Amidst growing international pressure China’s central bank announced a significant step to reform its foreign exchange regime Thursday, scrapping its currency’s peg to the dollar and revaluing it for the first time in nearly a decade.
“From today, the renminbi rate against the U.S. dollar will appreciate by two percent,” said the People’s Bank of China on its Web site late Thursday.
The much-awaited Chinese currency move comes ahead of the landmark visit of President Hu Jintao to the United States in early September and is seen as a move to ease trade frictions with the U.S. ahead of the Chinese president’s visit.
Hu will be visiting Washington, D.C., for the first time as China’s new leader against the backdrop of growing tensions over a host of issues, from military buildup to trade.
“We have some difficulties on the trade front with China, and one such difficulty is their currency,” said President Bush in a recent joint press conference with the visiting Australian prime minister.
“And we’ve worked with China to convince them that it makes sense for them to change how they value their currency,” Bush added.
“The move is certainly a friendship gesture, in response to half a year of pressure,” said a Chinese analyst who requested not to be identified, given the sensitivities of recent Chinese-American ties.
“The People’s Bank move was driven by many factors, but certainly addressing the U.S. concerns is an important motivation,” the analyst added.
China has faced increasing criticism, particularly in the United States, where many industry lobbyists and lawmakers have accused Beijing of keeping the value of its currency artificially low to sustain its trading advantages.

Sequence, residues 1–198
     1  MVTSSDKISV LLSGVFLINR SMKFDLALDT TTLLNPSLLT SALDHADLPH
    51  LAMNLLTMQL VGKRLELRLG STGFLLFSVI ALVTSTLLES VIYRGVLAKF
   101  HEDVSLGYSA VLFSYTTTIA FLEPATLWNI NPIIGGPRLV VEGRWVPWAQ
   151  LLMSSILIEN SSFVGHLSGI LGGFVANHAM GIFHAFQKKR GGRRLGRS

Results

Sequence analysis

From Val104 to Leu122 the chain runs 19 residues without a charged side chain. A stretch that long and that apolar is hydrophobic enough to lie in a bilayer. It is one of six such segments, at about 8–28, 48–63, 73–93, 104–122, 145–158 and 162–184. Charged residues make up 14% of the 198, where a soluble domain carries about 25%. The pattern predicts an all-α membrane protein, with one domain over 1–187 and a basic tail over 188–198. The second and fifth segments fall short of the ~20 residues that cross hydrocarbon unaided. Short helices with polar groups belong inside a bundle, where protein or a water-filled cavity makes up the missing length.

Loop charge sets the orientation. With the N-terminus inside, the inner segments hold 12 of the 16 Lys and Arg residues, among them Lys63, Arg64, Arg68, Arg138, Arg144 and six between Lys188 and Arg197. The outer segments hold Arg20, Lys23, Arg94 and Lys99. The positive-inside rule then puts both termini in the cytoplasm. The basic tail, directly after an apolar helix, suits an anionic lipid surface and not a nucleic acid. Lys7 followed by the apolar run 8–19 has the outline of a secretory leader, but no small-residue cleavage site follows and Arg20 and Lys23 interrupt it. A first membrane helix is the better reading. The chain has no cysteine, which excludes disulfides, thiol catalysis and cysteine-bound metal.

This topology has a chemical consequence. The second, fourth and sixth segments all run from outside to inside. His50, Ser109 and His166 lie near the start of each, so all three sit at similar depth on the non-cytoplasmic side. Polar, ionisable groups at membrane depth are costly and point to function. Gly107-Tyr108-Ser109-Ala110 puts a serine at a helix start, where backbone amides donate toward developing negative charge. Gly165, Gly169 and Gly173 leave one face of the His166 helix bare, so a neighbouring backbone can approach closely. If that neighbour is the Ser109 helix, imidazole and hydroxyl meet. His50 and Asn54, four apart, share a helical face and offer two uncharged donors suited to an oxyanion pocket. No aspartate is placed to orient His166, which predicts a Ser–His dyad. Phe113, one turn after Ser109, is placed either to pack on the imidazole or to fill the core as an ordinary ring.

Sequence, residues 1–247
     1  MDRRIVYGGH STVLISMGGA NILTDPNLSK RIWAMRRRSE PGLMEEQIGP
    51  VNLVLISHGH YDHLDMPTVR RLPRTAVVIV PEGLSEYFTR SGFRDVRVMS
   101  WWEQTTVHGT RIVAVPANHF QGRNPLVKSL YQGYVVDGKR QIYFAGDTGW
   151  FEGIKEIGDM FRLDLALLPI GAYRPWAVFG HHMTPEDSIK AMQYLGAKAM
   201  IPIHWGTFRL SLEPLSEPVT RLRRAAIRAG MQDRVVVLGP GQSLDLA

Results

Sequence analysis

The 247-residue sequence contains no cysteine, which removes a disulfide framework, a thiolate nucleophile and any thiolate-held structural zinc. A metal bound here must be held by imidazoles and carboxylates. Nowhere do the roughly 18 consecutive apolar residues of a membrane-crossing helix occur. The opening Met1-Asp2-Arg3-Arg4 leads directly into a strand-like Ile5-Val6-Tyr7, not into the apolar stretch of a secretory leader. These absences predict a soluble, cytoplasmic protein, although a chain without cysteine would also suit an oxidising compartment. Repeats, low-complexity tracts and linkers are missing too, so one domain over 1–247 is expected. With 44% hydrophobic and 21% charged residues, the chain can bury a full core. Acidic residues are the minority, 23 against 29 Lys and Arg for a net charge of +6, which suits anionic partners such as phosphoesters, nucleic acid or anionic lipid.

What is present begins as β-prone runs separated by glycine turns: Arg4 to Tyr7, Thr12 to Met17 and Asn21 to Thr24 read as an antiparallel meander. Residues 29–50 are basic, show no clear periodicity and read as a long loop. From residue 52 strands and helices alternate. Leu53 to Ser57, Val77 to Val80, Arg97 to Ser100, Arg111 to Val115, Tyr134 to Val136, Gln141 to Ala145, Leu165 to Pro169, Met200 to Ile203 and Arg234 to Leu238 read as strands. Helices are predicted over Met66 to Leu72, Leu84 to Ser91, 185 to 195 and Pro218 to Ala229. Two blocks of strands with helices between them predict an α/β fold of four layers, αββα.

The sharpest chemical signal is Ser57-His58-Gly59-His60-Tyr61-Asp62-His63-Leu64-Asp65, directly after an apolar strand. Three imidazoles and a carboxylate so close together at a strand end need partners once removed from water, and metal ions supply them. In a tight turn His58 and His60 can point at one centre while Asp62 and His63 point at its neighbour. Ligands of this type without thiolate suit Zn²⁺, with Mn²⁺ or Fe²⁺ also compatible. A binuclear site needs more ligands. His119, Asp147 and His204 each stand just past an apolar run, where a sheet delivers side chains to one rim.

Last year, the U.S. incurred a trade deficit with China amounting to $164 billion — a record sum.
Some U.S. legislators have been preparing a bill that would impose a 27.5 percent punitive tariff on Chinese imports unless Beijing stops what they have decried as “currency manipulation.”
The legislative move has been delayed after Federal Reserve Board Chairman Alan Greenspan warned that the measure would be “counter-productive.” In a recent testimony, Greenspan also signaled that Beijing was ready to move with currency reform.
It remains to be seen how China’s modest move to revalue its currency can pacify many critics in the U.S. who argue that the Chinese currency is undervalued by as much as 40 percent.
Many China observers anticipate that Beijing will avoid drastic measures and only take a gradual approach to currency reform, given the fragility of its banking system and mounting domestic problems.
“China can only take steps with controllable impact, one at a time,” said one Chinese analyst.
China’s currency effectively appreciated to 8.11 against the U.S. dollar, from its peg of 8.28 that has been fixed since the Asian financial crisis in 1997.
The Chinese renminbi, or yuan, will be allowed to trade within a tight band of 0.3 percent against a basket of foreign currencies, according to the Chinese central bank’s surprise announcement Thursday, thus ending the decades-old practice of directly fixing the value of the Chinese currency to the U.S. dollar.